Finally, Falero was a genre painter and it seems no decent collection of his works has been made, no complete study of his paintings has been published (a catalogue raisonne), and so there are no reference book to consult to discover the real/first/accepted/latest title.

Although I have used a Falero painting on this blog before (the 1907 postcard here), I wanted to start the Falero series with this small but magnificent painting, because it is one of the few witchy paintings that deal with a single subject.

When this painting was sold in 2003 by Sothebys, on behalf of John Morrin, New York, it was titled “The Witches Sabbath” (“La Socière Allant au Sabbat”); this is the same title that was used when it sold by Sothebys in 1998 for US$21,850. This painting is dated 1880 and seems to be the same painting that was exhibited in the Paris Salon of 1880 (No. 1380) under the title “Vision de Faust. More commonly it is titled “Muse of the Night” (“Musa de la Noche”). But if you want to call it “Hot Redhead on a Broom” I won’t stop you.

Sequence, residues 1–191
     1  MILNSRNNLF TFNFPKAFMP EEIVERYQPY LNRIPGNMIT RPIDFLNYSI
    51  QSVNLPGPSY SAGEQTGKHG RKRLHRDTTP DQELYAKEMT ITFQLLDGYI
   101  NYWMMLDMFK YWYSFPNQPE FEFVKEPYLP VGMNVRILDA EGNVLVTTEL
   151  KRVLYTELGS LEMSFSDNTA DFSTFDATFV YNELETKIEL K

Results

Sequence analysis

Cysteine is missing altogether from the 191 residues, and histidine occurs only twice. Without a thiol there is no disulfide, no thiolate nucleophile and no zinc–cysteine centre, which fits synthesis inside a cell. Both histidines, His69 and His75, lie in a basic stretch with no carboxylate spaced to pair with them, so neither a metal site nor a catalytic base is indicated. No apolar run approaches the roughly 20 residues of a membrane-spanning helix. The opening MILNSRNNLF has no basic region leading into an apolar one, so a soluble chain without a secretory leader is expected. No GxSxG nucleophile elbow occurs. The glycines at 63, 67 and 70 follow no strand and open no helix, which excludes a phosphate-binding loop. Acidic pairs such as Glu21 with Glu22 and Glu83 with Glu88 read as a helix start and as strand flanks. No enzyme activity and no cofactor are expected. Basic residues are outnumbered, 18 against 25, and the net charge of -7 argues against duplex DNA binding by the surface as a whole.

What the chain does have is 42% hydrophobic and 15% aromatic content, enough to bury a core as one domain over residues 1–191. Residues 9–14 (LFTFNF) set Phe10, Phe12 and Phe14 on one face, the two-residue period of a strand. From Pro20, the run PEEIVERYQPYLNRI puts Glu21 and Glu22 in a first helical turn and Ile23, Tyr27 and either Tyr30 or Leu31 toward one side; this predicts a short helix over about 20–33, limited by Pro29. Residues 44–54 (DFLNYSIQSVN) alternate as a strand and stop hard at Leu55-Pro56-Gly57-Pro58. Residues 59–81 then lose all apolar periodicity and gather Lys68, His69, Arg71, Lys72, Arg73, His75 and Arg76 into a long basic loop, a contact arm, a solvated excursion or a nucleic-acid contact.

I do not know how much John Morrin got for his 74 x 41cm painting in 2003. The estimate was US$18–25,000: the price of a car. Since Morrin only held the painting for five years the chances are reasonable that it will come up for sale again soon. If it did, I’d sell my car and walk to work every day for the rest of my life just so that I could come home to this. Which of us wouldn’t?

BTW: If you’d like to look at some more Falero while you are waiting for my next post Artcyclopedia offers links to a few Falero galleries online, suggesting these two as the best: The Athenaeum and Art Renewal Center. I’d add ArtMagick.

* * * * *